effecting heat exchange between the relatively cold methane vapors from the fractionating zone and the expansion zone and the relatively warm ethane recycled to the absorption step.

8. The method of separating the constituents of natural gas containing nitrogen, methane, and

higher hydrocarbons which comprises removing heat from the natural gas to cool it to a temperature higher than the boiling point of methane but lower than the boiling point of the higher hydrocarbons, contacting liquid ethane with the uncondensed gases containing methane and nitrogen to absorb methane therefrom, thereby producing a residue consisting essentially of nitrogen, passing the nitrogen residue in heat exchange relation with fluids in the absorption step i and simultaneously expanding said nitrogen residue, thereby to refrigerate the absorption fluids,

applying supplementary refrigeration to the absorption fluids to withdraw the heat of absorption of methane in ethane, utilizing the heat removed from the natural gas to heat a portion oi the ethane absorption liquid containing methane to successively higher temperature levels, withdrawing a vapor fraction at each temperature level, introducing the withdrawn fractions together with the residue fraction from the heating step into a fractionating zone whose temperature varies from approximately the boiling point of methane to approximately the boiling point of ethane, said fractions entering the fractionating zone at regions where the temperatures are equal to the respective temperatures of the entering fractions, efiecting heat exchange between the gaseous methane and liquid ethane removed from the fractionating zone to heat the methane and cool the ethane, recycling the cooled ethane to the absorption step, cooling the rest of the ethane absorption liquid containing methane, passing the cooled liquid in heat exchange relation to reflux fluid from the fractionating zone and simultaneously expanding said liquid thereby to condense the reflux fluid, the expansion of said liquid separating it into gaseous methane and liquid ethane, recycling the liquid ethane to the absorption step, heating the gaseous methane to provide the aforementioned cooling of the absorption liquid passing to the expansion zone, and compressing the resultant heated methane gases.

9. Apparatus for separating the constituents of natural gas comprising, in combination, a vessel for separating gaseous and liquid phases, an absorption tower, a fractionating tower, an inlet conduit communicating with said vessel, means for passing absorption material from said absorption tower to said fractionating tower, means for eifecting heat exchange between said absorption material and the feed flowing through said inlet conduit, means for transferring gaseous phase from said vessel to said absorption tower, an evaporator for liquefying reflux vapors from said fractionating tower, an expansion valve communicating with said evaporator, a branch conduit for passing absorption material from said absorption tower to said expansion valve, outlet lines for removing gases from said evaporator and said fractionating tower, and connections for recycling liquid from said evaporator and said fractionating tower to said absorption tower.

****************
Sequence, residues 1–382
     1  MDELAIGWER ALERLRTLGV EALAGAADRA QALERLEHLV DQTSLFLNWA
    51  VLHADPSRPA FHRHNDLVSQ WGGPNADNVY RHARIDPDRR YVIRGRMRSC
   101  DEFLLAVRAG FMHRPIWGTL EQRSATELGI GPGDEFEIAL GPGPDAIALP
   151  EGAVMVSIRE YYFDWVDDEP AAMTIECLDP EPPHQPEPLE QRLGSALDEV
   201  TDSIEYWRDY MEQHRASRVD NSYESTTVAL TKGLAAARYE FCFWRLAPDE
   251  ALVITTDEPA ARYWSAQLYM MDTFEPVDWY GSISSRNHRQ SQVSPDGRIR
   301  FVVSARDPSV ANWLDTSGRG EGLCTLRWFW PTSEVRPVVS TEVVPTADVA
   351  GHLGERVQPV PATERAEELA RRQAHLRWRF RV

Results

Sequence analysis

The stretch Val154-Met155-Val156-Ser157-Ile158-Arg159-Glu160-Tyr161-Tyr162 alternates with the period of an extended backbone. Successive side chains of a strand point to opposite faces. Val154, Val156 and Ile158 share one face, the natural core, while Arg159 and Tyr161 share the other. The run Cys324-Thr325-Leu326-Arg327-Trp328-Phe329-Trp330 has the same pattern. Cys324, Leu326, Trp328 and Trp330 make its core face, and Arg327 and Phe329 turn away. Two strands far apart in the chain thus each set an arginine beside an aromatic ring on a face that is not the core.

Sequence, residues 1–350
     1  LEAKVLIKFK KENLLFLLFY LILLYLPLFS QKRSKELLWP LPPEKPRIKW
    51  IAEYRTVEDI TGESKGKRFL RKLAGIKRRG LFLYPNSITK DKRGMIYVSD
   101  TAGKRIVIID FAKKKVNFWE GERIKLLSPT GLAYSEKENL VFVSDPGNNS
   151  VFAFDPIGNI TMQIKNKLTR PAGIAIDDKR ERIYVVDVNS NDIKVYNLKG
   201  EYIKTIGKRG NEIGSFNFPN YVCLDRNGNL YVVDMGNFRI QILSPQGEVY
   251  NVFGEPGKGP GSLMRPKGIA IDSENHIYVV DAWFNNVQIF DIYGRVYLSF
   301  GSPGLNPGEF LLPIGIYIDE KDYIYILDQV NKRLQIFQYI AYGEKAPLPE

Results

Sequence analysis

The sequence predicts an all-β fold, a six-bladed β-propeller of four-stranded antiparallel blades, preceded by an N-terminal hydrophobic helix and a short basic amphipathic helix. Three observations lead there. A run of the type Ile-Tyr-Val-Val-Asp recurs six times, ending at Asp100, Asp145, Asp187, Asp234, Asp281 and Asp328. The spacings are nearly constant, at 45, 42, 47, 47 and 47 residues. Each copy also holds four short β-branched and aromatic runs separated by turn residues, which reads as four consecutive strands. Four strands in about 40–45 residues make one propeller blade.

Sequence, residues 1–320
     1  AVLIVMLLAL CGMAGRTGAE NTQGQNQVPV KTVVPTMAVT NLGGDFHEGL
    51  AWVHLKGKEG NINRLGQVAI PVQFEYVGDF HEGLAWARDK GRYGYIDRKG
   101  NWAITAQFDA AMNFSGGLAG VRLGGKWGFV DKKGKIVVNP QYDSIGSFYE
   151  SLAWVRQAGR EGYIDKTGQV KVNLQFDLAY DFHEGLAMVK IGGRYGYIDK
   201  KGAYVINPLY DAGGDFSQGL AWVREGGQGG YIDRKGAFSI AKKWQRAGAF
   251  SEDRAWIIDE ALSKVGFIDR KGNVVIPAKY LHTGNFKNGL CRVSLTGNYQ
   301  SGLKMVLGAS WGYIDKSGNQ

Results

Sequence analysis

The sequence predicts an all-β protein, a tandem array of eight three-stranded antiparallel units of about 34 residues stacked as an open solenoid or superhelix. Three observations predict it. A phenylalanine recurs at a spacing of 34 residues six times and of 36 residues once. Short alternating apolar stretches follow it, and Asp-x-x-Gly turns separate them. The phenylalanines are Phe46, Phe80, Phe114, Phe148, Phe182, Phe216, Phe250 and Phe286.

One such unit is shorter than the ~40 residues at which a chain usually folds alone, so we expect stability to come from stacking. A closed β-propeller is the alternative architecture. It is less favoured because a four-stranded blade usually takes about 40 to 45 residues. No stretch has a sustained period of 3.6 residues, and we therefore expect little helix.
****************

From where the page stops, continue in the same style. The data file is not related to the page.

10. Apparatus for separating the constituents of natural gas comprising, in combination, a multi-stage countercurrent heat exchanger,means for removing a vapor fraction at each stage of the heat exchanger, a vessel for separating gaseous and liouid phases, an absorption tower, a fractionating tower, means for passing feed gas through said heat exchanger and said vessel to an intermediate region of said absorption tower, means for passing the bottom product of said absorption tower through the heat exchanger in countercurrent flow with respect to the feed gas, means for conveying withdrawn fractions of said bottom product together with the residue fraction to successively higher temperature regions of said fractionating tower, an outlet conduit for removing the top product of said fractionating tower, a conduit for recycling the bottom product of said fractionating tower to said absorption tower, means for efiecting heat exchange between the fluid in said outlet conduit and the fluid in said recycle conduit, an evaporator for said fractionating tower, means for feeding a portion of the bottom product from said absorption tower to said evaporator, said feed conduit including an expansion valve, an outlet conduit for removing gases from said evaporator, means for effecting heat exchange between the fluids in the evaporator outlet conduit and the fluid in said feed conduit, a compressor connected in said evaporator outlet conduit, and a line including a pump 13 for recycling liquid from said evaporator to said absorption tower.

FORREST E. GILMORE.

7 REFERENCES CITED The following references are of record in the file of this patent:

UNITED STATES PATENTS Name Date Number 1 Asbury Nov. 7, 1933 Number 14 Name Date Roberts et a1 Mar. 20, 1934 Cox Aug. 28, 1934 Barton Oct. 10, 1939 Roberts, Jr., et a1. May 13, 1941 Ward et a1. Dec. 9, 1941 Swerdlofi June 27, 1944 Hachmuth May 15, 1945 Rider et a1. Apr. 26, 1949 Gross May 10, 1949

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Classifications
U.S. Classification62/625, 203/DIG.180, 203/42, 62/628, 203/87, 208/341
International ClassificationC07C7/11, F25J3/02
Cooperative ClassificationF25J2205/50, F25J2240/12, F25J3/0209, C07C7/11, F25J3/0257, F25J3/0238, F25J2270/04, F25J2270/02, F25J2205/04, F25J2235/60, F25J3/0233, F25J2200/72, Y10S203/19, F25J2205/02, F25J2210/06
European ClassificationC07C7/11, F25J3/02A2, F25J3/02C12, F25J3/02C2, F25J3/02C4